Partly in response to American pressure, but even more because there seemed nowhere else to go, Britain reluctantly turned toward the European Community. Britain could have been an original signatory of the 1957 Treaty of Rome, which set up the Community, but declined in the belief that the experiment would fail. By 1961, however, Harold Macmillan’s Conservative Government had concluded that Britain could not afford either economically or politically to be excluded from the Community. The first British application for membership came to nothing when De Gaulle imposed his famous, or notorious, veto in 1963 with the explanation that if Britain were to join, the Community “would see itself faced with problems of economic relations with all kinds of states, and most of all with the United States. It could be foreseen that the cohesion of its members, who would be very numerous and diverse, would not endure for long, and that finally it would appear as a colossal Atlantic community under American domination and direction which would quickly have absorbed the European Community.”

This rejection of Britain had a pronounced effect upon British attitudes. Those British people who were most eager to join often felt the need to demonstrate that they were truly European by being anti-American. In the second volume of his memoirs, Years of Upheaval, Henry Kissinger describes this cast of mind in Edward Heath, who as prime minister was finally taking Britain into the Community: “The intimate consultation through which British and American policies had been coordinated during the postwar period was reduced to formal diplomatic exchanges. Heath disdained the occasional telephone calls I urged upon the British Ambassadors to establish the personal relationship that Nixon craved, lest he be accused by France, as his predecessor Harold Macmillan had been, of being an American ‘Trojan horse.’ ”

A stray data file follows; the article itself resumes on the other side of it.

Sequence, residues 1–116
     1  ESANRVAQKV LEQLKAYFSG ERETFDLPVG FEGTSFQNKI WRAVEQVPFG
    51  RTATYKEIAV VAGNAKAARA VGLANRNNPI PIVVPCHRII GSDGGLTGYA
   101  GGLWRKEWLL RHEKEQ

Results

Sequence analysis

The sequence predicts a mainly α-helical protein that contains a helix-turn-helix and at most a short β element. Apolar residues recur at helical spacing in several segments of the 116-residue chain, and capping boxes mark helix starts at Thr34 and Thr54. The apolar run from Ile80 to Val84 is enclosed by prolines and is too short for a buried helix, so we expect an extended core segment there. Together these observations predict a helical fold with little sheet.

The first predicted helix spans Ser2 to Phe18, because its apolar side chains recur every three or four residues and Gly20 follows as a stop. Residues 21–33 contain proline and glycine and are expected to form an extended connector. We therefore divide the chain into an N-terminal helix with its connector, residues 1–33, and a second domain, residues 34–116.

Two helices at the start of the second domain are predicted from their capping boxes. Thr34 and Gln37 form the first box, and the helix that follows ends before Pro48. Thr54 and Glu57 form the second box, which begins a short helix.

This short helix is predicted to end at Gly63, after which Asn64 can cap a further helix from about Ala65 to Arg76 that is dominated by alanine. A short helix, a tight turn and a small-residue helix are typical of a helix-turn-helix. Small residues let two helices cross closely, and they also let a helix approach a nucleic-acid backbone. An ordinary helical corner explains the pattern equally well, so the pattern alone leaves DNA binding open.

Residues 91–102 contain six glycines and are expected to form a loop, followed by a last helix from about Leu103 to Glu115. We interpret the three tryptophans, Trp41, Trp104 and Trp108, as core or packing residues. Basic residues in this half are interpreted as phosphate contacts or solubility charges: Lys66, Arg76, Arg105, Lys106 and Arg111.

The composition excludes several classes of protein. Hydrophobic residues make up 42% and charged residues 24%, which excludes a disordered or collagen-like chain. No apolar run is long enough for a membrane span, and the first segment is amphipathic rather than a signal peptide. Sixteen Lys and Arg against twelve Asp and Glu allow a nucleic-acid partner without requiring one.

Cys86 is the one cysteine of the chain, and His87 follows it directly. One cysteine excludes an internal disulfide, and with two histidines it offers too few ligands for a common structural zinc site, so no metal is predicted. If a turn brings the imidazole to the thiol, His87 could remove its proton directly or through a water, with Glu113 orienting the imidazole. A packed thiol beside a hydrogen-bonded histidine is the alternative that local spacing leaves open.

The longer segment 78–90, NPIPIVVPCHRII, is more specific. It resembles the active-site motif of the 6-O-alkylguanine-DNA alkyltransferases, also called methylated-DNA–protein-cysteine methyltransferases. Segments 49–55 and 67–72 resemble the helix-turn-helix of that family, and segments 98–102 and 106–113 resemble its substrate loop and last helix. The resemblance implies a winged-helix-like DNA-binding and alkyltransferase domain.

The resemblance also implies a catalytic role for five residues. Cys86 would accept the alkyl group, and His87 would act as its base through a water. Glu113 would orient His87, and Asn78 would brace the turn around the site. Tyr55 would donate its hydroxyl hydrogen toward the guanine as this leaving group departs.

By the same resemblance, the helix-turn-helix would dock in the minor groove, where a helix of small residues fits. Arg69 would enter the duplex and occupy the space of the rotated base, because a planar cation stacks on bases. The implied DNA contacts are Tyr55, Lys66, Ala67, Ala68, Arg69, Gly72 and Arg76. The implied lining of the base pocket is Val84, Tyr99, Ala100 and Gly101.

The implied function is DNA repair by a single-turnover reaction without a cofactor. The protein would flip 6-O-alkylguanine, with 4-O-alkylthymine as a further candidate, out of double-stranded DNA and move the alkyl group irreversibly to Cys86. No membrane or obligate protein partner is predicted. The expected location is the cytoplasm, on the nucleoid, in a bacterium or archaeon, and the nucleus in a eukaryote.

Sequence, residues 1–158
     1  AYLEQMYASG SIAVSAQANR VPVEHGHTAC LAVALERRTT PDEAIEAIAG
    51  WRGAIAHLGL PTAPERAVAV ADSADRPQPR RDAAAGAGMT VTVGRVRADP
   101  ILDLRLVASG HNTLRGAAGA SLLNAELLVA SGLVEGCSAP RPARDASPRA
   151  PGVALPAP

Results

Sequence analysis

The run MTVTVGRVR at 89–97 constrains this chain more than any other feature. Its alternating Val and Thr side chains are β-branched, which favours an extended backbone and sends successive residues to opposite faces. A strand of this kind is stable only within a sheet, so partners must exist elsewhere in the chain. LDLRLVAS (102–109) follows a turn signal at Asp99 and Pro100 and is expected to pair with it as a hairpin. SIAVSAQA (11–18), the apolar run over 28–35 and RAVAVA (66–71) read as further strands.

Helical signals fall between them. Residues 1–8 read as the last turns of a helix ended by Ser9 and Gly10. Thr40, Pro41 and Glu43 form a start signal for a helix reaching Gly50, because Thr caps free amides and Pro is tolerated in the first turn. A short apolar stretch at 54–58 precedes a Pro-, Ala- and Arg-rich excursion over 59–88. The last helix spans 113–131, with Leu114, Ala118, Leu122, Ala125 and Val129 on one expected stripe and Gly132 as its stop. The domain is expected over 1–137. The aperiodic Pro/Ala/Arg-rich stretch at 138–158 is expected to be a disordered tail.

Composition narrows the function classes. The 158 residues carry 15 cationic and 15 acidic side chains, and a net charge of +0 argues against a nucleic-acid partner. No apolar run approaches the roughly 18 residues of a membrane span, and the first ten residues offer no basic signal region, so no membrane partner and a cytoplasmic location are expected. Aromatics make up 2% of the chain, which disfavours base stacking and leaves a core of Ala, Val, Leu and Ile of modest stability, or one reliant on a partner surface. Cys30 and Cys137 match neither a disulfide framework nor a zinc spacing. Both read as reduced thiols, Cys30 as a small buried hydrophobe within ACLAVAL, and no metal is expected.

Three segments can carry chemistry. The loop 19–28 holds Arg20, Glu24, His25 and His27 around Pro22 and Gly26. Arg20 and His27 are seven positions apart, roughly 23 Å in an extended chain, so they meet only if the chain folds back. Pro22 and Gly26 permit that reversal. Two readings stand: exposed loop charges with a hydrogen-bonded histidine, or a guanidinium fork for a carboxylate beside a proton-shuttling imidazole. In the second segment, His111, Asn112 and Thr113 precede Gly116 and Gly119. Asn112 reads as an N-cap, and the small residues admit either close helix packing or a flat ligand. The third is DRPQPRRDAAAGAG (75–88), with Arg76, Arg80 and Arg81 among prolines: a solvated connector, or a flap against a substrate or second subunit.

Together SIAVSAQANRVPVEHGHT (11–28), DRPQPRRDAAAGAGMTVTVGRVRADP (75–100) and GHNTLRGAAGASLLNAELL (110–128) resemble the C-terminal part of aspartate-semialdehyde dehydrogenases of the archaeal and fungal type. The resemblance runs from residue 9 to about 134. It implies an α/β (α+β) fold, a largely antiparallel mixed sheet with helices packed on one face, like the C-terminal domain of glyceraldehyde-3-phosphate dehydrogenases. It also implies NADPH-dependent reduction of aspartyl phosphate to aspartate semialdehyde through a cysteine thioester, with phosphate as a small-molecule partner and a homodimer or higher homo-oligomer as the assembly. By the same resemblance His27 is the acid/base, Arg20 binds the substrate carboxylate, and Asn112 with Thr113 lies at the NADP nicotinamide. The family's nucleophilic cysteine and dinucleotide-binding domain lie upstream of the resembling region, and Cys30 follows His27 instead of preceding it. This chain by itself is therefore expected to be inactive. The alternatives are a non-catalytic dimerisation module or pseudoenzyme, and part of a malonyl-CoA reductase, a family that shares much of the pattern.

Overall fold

Dr. Kissinger believes that there was an almost, heroic streak to Mr. Heath’s policy: “He sought to alter not simply a diplomatic pattern but the attitude of his people. The heart of most Britons was with America and the Commonwealth.” Perhaps an element of personal heroism was indeed at work, because Mr. Heath believed passionately in the course he had set. But for Britain as a country it was a sign of insecurity to seek acceptance in Europe by repressing its natural instincts.

Successive British leaders have attempted either to distance themselves artificially from the United States or to ingratiate themselves with whatever administration has been in power in Washington. Both attitudes are part of the chain reaction from Suez. So too was the British decision, in 1968, to withdraw from all defense positions east of Suez by December of 1971. In each case, Britain was reacting, probably over-reacting, to a sense of its diminished power in the world. It could not operate effectively by itself, only with friends. Therefore, it must withdraw from unilateral endeavors and overextended positions, and court the best friends it could find. The attitude has been consistent, even if the policy has not.